Brady v Maryland, 373 US 83Supreme Court (1963)
The Court of Appeal of Maryland was granted an order of certiorari to consider whether the petitioner had been deprived of a constitutional right when the Court of Appeal ordered a new murder trial restricted to the question of punishment only. The Appeals Court granted a retrial. There was however a second appeal to the Supreme Court where the ruling of the Court of Appeals was affirmed, with the Court holding that the evidence suppressed was material to the punishment of the defendant but couldn’t have exculpated him.
The petitioner, Brady, and his companion, Boblit, had been tried and convicted of murder in the first degree. This murder had been committed in the perpetration of a robbery and the corresponding punishment in the state of Maryland was life imprisonment or death. The trials were held separately and in his trial, Brady admitted to participating in the crime. He however averred that Boblit had done the actual killing. Prior to this, his legal counsel had requested permission to examine Boblit’s extra-judicial statements but the prosecution, though disclosing some statements, specifically withheld the statement where Boblit had admitted committing the actual homicide. On appeal the Court of Appeals held that although the suppression of evidence denied the petitioner due process of the law, this only warranted a retrial on the question of punishment and not guilt.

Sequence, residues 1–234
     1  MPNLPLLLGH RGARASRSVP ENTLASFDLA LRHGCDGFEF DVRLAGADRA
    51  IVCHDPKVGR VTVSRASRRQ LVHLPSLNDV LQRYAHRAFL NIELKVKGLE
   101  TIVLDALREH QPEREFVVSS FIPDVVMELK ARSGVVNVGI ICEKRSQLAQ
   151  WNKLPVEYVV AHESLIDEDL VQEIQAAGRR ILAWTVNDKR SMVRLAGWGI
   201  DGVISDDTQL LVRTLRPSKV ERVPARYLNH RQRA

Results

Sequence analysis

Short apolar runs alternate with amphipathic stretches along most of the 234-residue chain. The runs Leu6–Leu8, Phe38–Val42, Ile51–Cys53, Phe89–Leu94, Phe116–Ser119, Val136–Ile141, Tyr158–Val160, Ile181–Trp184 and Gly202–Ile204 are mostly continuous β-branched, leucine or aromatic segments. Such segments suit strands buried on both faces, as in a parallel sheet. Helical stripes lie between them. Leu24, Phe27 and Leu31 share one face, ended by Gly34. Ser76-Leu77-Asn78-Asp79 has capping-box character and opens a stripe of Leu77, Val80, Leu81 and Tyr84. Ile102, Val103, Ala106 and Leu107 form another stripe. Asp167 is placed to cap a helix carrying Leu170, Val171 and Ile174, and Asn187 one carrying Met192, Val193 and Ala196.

The issue arising was whether the Court of Appeal had erred in its decision to restrict the trial to the question of punishment and whether this action by the Court had deprived the petitioner of a constitutional right.
It was held that if an accused person requests for information that would be favorable to him, and the prosecution suppresses that information, whether in good or bad faith, this act by the prosecution shall be deemed to be a violation of the due process if that evidence is material either to the finding of guilt of the defendant or to the punishment meted out to him.
If the prosecution is allowed to withhold evidence that would exculpate the accused person or reduce his penalty, this restructures a trial to the disadvantage of the defendant. This does not conform to the standards of justice where it is a fundamental requirement for the law to protect an accused person with the same firmness it protects the society.
The Supreme Court affirmed the ruling of the Maryland Court of Appeals.